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Report: Sudan Security Forces Who Killed Kassala Protesters Never Held Accountable

FILE - A Sudanese man wearing a face mask waves his country's national flag during protests in Khartoum to mark the second anniversary of the start of a revolt that toppled the previous government, Dec. 19, 2020.
FILE - A Sudanese man wearing a face mask waves his country's national flag during protests in Khartoum to mark the second anniversary of the start of a revolt that toppled the previous government, Dec. 19, 2020.

Sudanese security forces who killed seven Sudanese protesters in Kassala two months ago were never held accountable, according to a recent report released by Human Rights Watch.

Mohamed Osman, an assistant researcher with HRW’s Africa Division, said Sudan’s transitional government must bring all perpetrators of human rights abuses to justice to prevent further abuse from occurring in the country.

The unrest on October 15 was triggered by Sudanese Prime Minister Abdalla Hamdok’s decision two days earlier to fire Kassala Governor Saleh Ammar, who belonged to the ethnic group Bani Amir. Ammar had just been appointed to the post in July.

Excessive force documented

Osman said his organization documented several cases of excessive use of force, including lethal force by the Rapid Support Forces, the Sudanese army and the Central Reserve police who were deployed to the streets of Kassala town for crowd control.

“Five of them were killed in front of Kassala hospital, for instance, in which they were attacked by elements of the Rapid Support Forces. In all these killings we documented forensic reports that indicate the sustained lethal gunshots in the upper parts of the body, so basically the report is rounding up cases [that] resorted to excessive use of force, failing to uphold and respect freedom of assembly and right to life,” Osman told South Sudan in Focus.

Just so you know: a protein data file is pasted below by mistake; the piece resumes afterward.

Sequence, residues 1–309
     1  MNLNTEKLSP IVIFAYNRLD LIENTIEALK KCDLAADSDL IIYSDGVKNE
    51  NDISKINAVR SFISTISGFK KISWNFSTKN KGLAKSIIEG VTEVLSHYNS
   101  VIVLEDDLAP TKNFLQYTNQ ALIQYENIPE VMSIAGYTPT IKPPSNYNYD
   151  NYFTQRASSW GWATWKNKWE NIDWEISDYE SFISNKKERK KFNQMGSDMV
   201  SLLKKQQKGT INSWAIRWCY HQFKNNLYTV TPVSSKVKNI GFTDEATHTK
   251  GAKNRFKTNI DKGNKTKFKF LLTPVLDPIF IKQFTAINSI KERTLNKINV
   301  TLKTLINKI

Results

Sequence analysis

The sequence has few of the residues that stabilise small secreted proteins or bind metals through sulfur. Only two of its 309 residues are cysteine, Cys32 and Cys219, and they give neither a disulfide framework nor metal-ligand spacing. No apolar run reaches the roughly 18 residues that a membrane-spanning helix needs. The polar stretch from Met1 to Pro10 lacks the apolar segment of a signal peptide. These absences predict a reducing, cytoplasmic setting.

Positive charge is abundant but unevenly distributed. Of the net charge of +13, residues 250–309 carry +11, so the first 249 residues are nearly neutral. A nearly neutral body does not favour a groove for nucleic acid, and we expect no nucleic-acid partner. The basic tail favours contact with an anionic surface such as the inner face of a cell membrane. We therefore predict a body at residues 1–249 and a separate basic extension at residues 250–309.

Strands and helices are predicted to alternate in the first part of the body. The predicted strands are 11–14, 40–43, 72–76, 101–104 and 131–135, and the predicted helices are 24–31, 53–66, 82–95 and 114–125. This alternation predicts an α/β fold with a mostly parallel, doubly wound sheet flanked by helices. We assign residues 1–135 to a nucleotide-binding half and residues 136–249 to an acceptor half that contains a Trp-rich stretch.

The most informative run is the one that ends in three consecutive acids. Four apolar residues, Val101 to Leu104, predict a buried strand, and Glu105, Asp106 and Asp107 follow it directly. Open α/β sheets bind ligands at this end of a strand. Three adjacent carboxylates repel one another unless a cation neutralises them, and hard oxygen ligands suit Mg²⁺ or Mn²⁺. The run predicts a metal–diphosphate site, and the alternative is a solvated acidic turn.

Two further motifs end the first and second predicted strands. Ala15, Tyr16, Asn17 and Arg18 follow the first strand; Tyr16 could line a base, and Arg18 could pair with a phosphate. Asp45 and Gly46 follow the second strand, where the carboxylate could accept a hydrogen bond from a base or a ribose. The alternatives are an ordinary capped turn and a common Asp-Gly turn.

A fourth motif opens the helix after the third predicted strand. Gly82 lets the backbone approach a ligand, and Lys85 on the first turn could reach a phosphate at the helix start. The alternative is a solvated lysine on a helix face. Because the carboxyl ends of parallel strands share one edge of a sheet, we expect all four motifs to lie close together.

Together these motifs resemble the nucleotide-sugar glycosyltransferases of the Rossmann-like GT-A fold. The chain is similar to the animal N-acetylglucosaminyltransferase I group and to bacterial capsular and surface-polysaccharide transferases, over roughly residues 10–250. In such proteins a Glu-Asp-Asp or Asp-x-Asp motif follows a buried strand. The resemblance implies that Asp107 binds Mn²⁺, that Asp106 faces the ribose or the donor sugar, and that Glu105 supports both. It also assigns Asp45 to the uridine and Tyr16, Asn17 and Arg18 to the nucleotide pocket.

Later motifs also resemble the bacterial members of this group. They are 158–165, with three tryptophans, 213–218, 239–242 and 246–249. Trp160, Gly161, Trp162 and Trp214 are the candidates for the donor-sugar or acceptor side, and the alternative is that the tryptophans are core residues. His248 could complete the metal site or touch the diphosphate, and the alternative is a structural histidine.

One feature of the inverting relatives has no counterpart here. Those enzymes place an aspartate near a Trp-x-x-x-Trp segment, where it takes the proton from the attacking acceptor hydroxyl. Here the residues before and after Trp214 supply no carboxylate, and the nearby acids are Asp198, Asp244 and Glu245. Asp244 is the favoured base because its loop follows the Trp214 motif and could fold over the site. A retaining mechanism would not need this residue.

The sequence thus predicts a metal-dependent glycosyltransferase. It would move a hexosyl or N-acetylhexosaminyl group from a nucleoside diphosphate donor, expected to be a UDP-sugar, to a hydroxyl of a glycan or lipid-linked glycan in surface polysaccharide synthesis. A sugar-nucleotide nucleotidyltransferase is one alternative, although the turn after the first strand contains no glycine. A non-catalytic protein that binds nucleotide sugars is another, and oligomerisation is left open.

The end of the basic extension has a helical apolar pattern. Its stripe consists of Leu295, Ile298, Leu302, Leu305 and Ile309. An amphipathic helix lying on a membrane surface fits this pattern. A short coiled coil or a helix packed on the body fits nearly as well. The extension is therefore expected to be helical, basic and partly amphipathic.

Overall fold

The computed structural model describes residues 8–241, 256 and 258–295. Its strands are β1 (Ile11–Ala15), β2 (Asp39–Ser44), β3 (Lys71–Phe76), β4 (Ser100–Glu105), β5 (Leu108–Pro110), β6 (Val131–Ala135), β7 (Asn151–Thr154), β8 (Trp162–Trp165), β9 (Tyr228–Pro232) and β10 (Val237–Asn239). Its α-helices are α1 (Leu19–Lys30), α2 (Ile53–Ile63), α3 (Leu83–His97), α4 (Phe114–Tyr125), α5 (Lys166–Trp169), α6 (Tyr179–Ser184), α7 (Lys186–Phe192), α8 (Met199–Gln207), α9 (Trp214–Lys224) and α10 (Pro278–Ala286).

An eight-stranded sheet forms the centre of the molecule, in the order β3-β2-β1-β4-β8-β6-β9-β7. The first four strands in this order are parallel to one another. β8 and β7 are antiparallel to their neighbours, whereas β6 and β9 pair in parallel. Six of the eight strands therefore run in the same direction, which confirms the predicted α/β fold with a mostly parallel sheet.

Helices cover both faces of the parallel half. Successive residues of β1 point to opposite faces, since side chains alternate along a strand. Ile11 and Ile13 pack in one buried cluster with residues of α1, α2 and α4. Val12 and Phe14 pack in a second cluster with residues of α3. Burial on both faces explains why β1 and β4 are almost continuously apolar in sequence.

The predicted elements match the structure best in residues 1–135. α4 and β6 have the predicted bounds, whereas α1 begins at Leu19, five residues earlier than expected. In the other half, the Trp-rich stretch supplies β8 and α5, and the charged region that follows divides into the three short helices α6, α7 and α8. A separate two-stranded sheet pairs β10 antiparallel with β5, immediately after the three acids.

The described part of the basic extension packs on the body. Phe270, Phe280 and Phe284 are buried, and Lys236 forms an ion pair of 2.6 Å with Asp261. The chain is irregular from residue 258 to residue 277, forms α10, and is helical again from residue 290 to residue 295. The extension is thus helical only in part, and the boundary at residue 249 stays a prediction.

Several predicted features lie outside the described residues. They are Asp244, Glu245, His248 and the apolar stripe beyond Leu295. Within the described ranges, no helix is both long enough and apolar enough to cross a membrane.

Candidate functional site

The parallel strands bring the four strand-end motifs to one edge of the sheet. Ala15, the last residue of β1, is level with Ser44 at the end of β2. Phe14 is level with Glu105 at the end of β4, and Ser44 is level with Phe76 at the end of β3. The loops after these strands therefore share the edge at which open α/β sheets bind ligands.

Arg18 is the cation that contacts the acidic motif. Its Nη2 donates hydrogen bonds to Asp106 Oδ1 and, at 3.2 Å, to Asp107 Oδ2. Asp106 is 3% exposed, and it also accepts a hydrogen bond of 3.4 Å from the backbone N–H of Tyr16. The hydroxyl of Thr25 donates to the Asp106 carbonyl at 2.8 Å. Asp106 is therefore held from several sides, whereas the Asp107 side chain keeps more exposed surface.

One day after the crackdown, Sudan’s information minister announced the attorney general’s office would investigate the events.

Under international law, Sudanese authorities are obligated to respect and protect human rights, Osman said.

“The fact that these violations were committed by officials puts Sudan under obligation to thoroughly investigate and prosecute perpetrators,” but that hasn’t happened, according to Osman. He said the victims in Kassala have joined “a very long list of families and victims in Sudan,” not only in terms of crimes committed during ousted President Omar al-Bashir’s rule, but during the military’s violent crackdown on the June 3, 2019, Khartoum sit-in, when more than 100 civilians were killed.

Despite repeated promises made by Sudan’s government to investigate and punish members of the armed forces accused of committing crimes, very little has been done, Osman said.

“We see numerous committees being formed by authorities, but we are not seeing any substantial outcome, and that’s definitely very worrying,” Osman told VOA.

Attorney general opens criminal case

Sudan Attorney General Tag el-Sir el-Hibir said the Office of Public Prosecution in Kassala immediately opened a criminal case against the accused forces and investigated the incidents of October 15.

The law was applied “under Article 130 and I think Article 186 of Sudan’s criminal law, which addresses charges pertaining to crimes against humanity in some cases,” el-Hibir told South Sudan in Focus on Thursday.

The attorney general confirmed the accused “are affiliated with the military establishment” but added that all “investigations and procedures are complete, and now we are in the stage where the accused should be handed over to stand trial.”

Waiting on military response

El-Hibir said he wrote to the military asking that the accused be stripped of their immunities and handed over to the relevant Office of Public Prosecution and is awaiting their response.

Osman said it is critical for the transitional government to carry out widespread security sector reform.

“Seeing groups like the RSF and the army doing what law enforcement would do, we are seeing these forces with their own records of abuses from counterinsurgency in the conflict areas all the way to June 3, doing something they’re not trained for,” Osman told VOA.